Opinion

Has the Lower 48 got the financial strength to ride out the storm?

From revised capex to distressed debt, we track the health of the sector in the wake of the oil price crash

Stewart Williams

Vice President, Curated Service

Stewart brings 30 years of oil industry experience to his role as Vice President, Curated Service.

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What does sub-US$30/bbl mean for tight oil operators? Demand destruction, combined with increasing supply, has left the oil market in turmoil. Ever nimble, US independents have moved quickly in response. But Lower 48 operators were already under pressure before the oil price crashed. The situation appears dire for many and the market is changing fast.

Which tight oil operators are the most vulnerable? And what strategic choices are available to distressed companies?

The response to the crisis so far

Most companies have revised down capex and production guidance. And if low prices persist, we can expect more of the same.

Operators have also moved to cut dividends and curtail buyback. We can expect companies to continue to explore all options to cut costs and preserve liquidity. Some have already monetised hedges, or asked service companies for a reduction in costs.

If sub-US$30/bbl oil lasts for long, operators and lenders could be in for a bumpy ride.

Brandon Davis, Head of Americas Corporate

Which operators are in the greatest distress?

We’ve used our Financial Health Index to rank company performance over time. We explored our findings in a recent webinar, 'Energy credit markets – which companies are at risk?'. For a complimentary copy of our slide pack, fill in the form at the top of this page.

What will we be watching in the coming months?

The oil price drop makes it harder for the operators to refinance debt, especially those with maturities due in 2020 and 2021. We expect to see operators make defensive draws on their revolving credit facilities to preserve liquidity.

At US$20/bbl oil, every operator will be in distress eventually. It's just a matter of time – and who has the longest runway.

Robert Polk, Principal Analyst

How could banks respond?

The biggest risk to the sector is the next round of semi-annual borrowing base redeterminations, which typically occur in April. Banks are expected to revise price decks significantly lower. That will negatively impact the available credit extended to borrowers.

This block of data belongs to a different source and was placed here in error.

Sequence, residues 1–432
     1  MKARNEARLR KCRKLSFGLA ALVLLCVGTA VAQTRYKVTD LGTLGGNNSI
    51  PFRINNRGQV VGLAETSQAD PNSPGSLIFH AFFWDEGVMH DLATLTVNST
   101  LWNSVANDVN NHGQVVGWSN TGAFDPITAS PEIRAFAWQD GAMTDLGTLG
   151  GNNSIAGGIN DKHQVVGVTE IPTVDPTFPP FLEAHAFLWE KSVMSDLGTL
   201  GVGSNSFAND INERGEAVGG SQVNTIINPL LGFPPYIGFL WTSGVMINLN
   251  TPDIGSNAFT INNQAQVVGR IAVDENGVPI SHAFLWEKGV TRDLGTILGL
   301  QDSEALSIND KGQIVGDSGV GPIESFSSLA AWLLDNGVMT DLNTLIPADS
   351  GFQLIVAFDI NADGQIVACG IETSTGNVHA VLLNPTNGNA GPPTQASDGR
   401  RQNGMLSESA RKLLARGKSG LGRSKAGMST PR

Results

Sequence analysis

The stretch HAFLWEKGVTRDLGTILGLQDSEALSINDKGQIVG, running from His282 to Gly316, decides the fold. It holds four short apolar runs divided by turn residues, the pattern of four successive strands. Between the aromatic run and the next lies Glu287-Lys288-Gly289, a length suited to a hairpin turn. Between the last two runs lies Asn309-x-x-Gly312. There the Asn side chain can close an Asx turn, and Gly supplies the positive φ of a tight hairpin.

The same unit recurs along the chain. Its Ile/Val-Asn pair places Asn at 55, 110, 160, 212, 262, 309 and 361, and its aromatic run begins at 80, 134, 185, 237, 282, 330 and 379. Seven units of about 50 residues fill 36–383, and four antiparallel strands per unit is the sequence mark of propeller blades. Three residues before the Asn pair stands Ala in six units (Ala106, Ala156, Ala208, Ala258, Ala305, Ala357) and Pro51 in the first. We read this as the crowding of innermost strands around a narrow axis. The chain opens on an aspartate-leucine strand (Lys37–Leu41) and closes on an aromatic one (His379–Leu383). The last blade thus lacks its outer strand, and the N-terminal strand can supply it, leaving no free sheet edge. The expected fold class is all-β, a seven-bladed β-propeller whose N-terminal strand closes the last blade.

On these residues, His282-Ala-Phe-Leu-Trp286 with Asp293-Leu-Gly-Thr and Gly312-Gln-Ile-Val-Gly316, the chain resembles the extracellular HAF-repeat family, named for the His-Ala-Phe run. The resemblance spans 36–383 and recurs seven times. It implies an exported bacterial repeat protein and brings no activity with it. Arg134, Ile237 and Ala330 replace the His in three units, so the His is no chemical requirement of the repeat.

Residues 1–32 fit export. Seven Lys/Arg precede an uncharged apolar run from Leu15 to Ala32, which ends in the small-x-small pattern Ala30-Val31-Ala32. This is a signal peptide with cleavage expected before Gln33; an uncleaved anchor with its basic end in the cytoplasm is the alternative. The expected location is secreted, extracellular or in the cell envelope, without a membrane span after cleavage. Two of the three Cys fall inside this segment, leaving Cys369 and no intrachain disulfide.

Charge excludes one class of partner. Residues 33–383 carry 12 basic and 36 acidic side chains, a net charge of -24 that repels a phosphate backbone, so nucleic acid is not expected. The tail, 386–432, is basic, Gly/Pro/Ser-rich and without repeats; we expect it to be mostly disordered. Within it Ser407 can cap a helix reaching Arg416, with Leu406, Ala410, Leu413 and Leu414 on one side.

But banks will want to manage their exposure without sending a large portion of the industry into default. There’s a risk that debt covenants will be violated.

Most operators aren’t hedged until 2021. Several will be forced to restructure their debt, whether in or out of bankruptcy court.

As companies shift their focus to survival, what options are available?

Asset sales are the obvious option for operators that need to reduce debt. Valuations are likely to be low. But companies may be forced to sell assets if low oil prices persist.

Companies could choose to shut off drilling entirely. And with limited capital available for investment, wells that can generate cash quickest will become the focus of activity.

We’ve been through this before. Will it be worse this time?

Since we last updated our Financial Health Index in 2016, the financial health of the Lower 48 has worsened significantly. Over the last four years, there’s been a lack of investment in the space from equity.

And since the last oil price crash in 2015, banks have put several measures in place to protect themselves.

Several operators have levers to pull that will see them through a rocky 2020. But from 2021 onwards, it doesn’t look quite as positive. If sub-US$30/bbl of oil lasts for long, operators and lenders could be in for a bumpy ride.

Find out more about energy credit markets 

Our recent webinar, 'Energy credit markets – which companies are at risk?' explored this topic in detail. Fill in the form at the top of this page for a complimentary copy of the webinar slide pack. 

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